Academic journal article Journalism History
Electronic Media Reviews -- "The Nixon Interviews with David Frost" (Volumes I-V)
"The Nixon Interviews With David Frost." Hollywood: MCA/Universal Home Video, 1977, 1993. 6:10 in five volumes (VHS). $19.98/volume. Volumes: I Watergate; II. The World; III. War at Home an Abroad; IV. The Final Days; V. The Missing 18 1/2 Minutes.
Only twice did Richard Nixon offer an explanation for his role in the Watergate scandal. One occasion was his 1978 memoirs. The other was in a series of interviews conducted by British journalist David Frost in April-May 1977. Happily for historians, the Frost interviews now have been released for non-broadcast use by MCA/Universal Home Video. The series consists of five volumes, including two about Nixon's diplomacy and handling of domestic unrest, topics he did later discuss. Unique, though, are the volumes "Watergate," "The Missing 18 Minutes," and "The Final Days," in which Nixon, for the only time in his life, publicly relives the demise of his presidency.
The Richard Nixon in these programs is not the Churchillian figure captured in his final years on the Larry King Show and in other benign appearances. Confronted by Frost, for example, Nixon provides some of his most candid observations about the press. He proclaims the 1964 New York Times v. Sullivan decision "a license for the media to lie" and urges, "Let's not have all this sanctimonious business about the poor, repressed press....When they take on any public figure,...I think the public figure ought to come back and crack them in the puss." He did not read an account of his downfall by Washington Post reporters Bob Woodward and Carl Bernstein "because I knew the kind of trash it was and the kind of trash they are."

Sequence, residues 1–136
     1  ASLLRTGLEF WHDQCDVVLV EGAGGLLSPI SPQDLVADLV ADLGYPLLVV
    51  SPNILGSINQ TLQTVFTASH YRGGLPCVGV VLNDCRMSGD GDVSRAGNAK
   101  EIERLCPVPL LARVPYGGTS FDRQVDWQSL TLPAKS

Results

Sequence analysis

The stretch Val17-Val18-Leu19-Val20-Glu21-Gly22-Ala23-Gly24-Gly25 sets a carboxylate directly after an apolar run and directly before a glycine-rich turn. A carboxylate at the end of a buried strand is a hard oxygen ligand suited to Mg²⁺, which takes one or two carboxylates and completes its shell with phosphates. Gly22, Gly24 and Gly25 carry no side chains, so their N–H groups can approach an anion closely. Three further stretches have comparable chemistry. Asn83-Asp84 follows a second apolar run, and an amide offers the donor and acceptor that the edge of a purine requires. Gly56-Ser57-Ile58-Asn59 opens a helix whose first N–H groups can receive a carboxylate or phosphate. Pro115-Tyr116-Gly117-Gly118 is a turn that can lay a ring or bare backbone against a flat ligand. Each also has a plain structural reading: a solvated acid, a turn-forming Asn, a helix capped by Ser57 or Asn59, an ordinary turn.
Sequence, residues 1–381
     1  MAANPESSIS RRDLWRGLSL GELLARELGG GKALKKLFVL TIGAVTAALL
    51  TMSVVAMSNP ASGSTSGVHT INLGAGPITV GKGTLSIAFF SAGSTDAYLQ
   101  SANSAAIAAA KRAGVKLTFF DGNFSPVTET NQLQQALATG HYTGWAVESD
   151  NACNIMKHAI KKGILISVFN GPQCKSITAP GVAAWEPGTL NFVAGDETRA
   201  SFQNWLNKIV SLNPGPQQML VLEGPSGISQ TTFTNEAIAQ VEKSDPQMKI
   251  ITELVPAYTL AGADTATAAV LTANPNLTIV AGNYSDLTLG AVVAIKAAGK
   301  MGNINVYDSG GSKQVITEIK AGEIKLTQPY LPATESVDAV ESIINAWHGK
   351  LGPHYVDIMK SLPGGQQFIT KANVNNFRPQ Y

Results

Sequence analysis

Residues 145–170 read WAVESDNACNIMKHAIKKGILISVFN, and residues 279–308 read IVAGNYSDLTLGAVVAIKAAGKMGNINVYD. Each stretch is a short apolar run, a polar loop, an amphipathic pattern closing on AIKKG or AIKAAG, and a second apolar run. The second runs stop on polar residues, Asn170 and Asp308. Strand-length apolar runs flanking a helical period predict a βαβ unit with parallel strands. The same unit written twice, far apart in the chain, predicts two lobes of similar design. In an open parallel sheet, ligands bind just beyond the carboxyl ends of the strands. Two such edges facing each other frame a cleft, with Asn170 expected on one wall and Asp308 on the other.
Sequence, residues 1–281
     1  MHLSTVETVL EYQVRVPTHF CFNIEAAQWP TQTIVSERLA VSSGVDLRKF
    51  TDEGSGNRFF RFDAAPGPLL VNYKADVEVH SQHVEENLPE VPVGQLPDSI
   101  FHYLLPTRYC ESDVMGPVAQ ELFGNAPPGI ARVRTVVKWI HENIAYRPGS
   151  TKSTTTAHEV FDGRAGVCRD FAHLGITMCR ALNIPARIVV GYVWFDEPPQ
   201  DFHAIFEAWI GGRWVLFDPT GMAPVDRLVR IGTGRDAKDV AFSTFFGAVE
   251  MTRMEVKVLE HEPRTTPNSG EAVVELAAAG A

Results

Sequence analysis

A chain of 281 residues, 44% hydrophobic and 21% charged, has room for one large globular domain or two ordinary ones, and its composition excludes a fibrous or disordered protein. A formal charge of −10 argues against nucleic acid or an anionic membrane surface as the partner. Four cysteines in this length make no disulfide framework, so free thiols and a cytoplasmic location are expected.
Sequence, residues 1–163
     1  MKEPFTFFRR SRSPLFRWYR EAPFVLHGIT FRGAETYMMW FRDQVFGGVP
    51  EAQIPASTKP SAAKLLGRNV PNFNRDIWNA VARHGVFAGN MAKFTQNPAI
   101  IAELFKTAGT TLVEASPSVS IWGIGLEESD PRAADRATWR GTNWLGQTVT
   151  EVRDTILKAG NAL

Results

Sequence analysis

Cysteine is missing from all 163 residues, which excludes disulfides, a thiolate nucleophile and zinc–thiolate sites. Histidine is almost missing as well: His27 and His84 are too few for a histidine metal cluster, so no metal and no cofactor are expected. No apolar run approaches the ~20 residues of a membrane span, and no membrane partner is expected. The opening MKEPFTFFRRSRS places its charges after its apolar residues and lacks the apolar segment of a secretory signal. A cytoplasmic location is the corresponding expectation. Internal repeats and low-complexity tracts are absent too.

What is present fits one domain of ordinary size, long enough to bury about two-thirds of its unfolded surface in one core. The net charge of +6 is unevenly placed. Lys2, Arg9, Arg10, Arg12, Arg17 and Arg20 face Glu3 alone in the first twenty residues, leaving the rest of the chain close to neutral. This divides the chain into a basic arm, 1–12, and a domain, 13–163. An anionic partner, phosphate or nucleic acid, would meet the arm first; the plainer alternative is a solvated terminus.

In the same vein is Nixon's account of Watergate. "There was no cover-up," he maintains. When pressed by Frost for an apology, Nixon claims he gave one by accepting Gerald Ford's pardon. …